Law schools should provide specific training with experiential learning opportunities such as internships, clerkships, externships, practicums, and clinics in the areas that are of most interest to the students.

A law school’s networking avenues should have solid recruiting relationships with local IP law firms that will provide opportunities for summer work, internships, and externships. There should be an active IP alumni community that attends networking events.

Intellectual Property law schools have been ranked for several years by US News and World ReportThe following schools provide the criteria mentioned above and are typically found on the top IP law schools in US News and World Report rankings:

1. Stanford Law School

Stanford operates the Juelsgaard Intellectual Property and Innovation Clinic that provides students with practical experience. Students represent clients in such areas as biotechnology, pharmaceuticals, and information technology.

Microsoft provided a grant for the Transatlantic Technology Forum that works to reduce inconsistent policy between the European Union and the United States in areas such as biotechnology, intellectual property, and antitrust law.

2. George Washington University Law School

The IP program at George Washington University Law School is rooted in a Master of Patent Law program that was launched in 1895. 22 advanced courses and four foundational courses are offered that result in an LL.M in intellectual property law. Students participate in various IP competitions and an IP law association.

3. University of California – Berkeley

Although the University of California – Berkeley does not publicize peer rankings or assign letter grades, its legal curriculum is among the most rigorous in the nation, especially in intellectual law.

Boalt Hall was the first law school to establish such an IP program in 2001.

Students have represented clients before the United States Supreme Court, the California Assembly and Senate, the California Supreme Court, the Federal Elections Commission, and the Federal Trade Commission.

4. Vanderbilt Law School

Vanderbilt Law School is located in Nashville, Tennessee. 39 percent of the students who graduate end up in highly coveted positions. 93 percent of the students pass the bar exam.

Nine programs are currently offered. They include intellectual property, international, and social justice. JD candidates focus on specialized areas of law after completing the first-year core curriculum.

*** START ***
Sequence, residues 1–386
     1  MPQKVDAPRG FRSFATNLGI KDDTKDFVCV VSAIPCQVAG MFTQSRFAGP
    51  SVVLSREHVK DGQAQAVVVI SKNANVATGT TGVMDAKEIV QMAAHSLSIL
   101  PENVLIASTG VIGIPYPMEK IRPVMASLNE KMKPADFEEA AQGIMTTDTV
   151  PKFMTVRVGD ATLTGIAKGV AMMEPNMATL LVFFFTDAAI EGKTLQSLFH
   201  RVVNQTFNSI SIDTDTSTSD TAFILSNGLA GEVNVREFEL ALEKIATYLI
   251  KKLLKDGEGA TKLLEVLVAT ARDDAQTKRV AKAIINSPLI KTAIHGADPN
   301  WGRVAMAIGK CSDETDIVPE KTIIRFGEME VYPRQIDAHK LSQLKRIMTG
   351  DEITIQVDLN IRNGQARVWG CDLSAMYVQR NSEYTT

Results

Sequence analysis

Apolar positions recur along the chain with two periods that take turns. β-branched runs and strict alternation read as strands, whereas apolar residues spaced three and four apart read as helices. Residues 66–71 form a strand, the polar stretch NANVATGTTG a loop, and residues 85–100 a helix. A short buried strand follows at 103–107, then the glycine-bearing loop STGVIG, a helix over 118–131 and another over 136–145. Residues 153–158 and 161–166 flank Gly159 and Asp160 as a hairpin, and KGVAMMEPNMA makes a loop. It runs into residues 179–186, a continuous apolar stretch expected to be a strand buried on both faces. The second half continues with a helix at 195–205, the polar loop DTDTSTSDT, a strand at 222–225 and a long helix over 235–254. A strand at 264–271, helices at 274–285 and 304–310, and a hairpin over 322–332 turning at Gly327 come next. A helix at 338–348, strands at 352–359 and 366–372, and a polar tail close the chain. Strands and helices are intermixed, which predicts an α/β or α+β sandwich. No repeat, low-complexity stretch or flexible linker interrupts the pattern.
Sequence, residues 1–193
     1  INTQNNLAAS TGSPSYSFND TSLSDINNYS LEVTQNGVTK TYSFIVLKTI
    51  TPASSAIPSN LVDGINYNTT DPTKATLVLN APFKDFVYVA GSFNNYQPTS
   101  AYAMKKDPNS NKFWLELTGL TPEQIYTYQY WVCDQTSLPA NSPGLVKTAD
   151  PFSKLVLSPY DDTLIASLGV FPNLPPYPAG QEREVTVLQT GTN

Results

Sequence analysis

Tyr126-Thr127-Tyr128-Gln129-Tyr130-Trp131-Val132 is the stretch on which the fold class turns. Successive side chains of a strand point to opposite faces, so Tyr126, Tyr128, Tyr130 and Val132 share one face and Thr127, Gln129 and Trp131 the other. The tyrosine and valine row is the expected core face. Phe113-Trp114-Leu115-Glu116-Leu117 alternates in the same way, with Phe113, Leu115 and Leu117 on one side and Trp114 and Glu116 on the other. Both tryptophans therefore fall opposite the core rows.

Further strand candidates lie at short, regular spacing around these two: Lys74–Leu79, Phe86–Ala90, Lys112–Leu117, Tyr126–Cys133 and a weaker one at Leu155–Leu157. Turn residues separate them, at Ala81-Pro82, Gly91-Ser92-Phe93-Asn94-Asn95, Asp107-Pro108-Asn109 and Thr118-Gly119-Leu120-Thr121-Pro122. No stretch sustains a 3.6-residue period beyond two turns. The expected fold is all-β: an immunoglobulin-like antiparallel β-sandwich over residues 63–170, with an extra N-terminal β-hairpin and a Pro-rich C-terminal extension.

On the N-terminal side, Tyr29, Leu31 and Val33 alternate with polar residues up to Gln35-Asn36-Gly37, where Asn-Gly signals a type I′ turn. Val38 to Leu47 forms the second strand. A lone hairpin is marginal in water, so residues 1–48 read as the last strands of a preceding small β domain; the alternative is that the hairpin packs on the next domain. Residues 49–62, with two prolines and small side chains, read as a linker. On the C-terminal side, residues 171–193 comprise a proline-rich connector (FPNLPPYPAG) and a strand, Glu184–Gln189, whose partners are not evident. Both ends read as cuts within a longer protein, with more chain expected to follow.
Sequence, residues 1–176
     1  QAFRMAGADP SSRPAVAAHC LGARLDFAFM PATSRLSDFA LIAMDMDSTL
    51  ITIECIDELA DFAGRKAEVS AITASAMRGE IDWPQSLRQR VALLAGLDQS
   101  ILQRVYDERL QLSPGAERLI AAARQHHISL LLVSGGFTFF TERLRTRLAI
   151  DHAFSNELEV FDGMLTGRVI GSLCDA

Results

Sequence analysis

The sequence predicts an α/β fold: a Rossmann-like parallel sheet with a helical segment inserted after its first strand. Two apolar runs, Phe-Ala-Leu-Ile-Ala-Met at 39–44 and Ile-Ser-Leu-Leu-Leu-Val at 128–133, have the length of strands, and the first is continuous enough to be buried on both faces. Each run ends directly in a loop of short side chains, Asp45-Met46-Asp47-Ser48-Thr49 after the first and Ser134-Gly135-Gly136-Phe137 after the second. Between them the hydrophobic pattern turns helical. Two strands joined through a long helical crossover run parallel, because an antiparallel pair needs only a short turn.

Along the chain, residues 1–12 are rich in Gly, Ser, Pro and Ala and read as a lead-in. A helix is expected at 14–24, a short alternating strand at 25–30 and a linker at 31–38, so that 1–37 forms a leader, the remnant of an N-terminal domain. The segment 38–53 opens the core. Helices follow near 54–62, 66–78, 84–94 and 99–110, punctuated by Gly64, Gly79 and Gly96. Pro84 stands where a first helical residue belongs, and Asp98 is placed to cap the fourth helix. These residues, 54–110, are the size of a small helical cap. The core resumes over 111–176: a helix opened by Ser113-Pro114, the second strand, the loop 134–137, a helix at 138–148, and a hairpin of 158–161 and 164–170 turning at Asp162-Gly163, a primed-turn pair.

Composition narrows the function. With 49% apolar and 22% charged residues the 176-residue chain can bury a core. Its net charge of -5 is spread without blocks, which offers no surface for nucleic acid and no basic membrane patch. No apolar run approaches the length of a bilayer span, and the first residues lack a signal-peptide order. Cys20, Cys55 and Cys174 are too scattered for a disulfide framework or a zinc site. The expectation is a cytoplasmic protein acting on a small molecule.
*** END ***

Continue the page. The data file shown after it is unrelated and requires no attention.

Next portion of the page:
5. New York University School of Law

Students at New York University School of Law can earn an LL.M in Competition, Innovation, and Information Law. One international and three foundational courses are required before moving into specialty areas such as evidence, administrative, and corporate law.

Students that participate in the Technology Law and Policy Clinic gain real-world experience as they represent clients on behalf of the American Civil Liberties Union. The university publishes the Journal of Intellectual Property and Entertainment Law and maintains an Intellectual Proper and Entertainment Law Society.

6. Santa Clara University School of Law

Students can take more than 40 IP law-related courses at the High Tech Law Institute. Areas include venture capital, startups, Internet law, broadband, and entertainment.

Santa Clara is among the largest American IP programs. The law school houses a think tank known as the Broadband Institute of California, sponsors student groups in biotechnology and intellectual property, and publishes two technology law journals. Through the school’s Entrepreneurs Law Clinic, students provide area entrepreneurs with legal services.

7. Yeshiva University Cardozo School of Law

Being in New York City is beneficial to Yeshiva University Cardozo School of Law. 30 courses in areas such as commercial, antitrust, arts, music, sports, patent, and Internet law are offered.

Instructors include Daniel Ravicher, who won a Supreme Court patenting case recently; and Susan Crawford, who Time Magazine named as one of the top technology minds.

8. American University Washington College of Law

More than 40 courses in property and information law are offered at American University Washington College of Law. This is another law school that benefits from its Washington, D.C. location.

The school conducts internships with such organizations as the Library of Congress, the Smithsonian Institute, and the Federal Trade Commission. Through the Glushko-Samuelson Intellectual Property Law Clinic, students manage real cases involving patents, trademarks, and copyrights.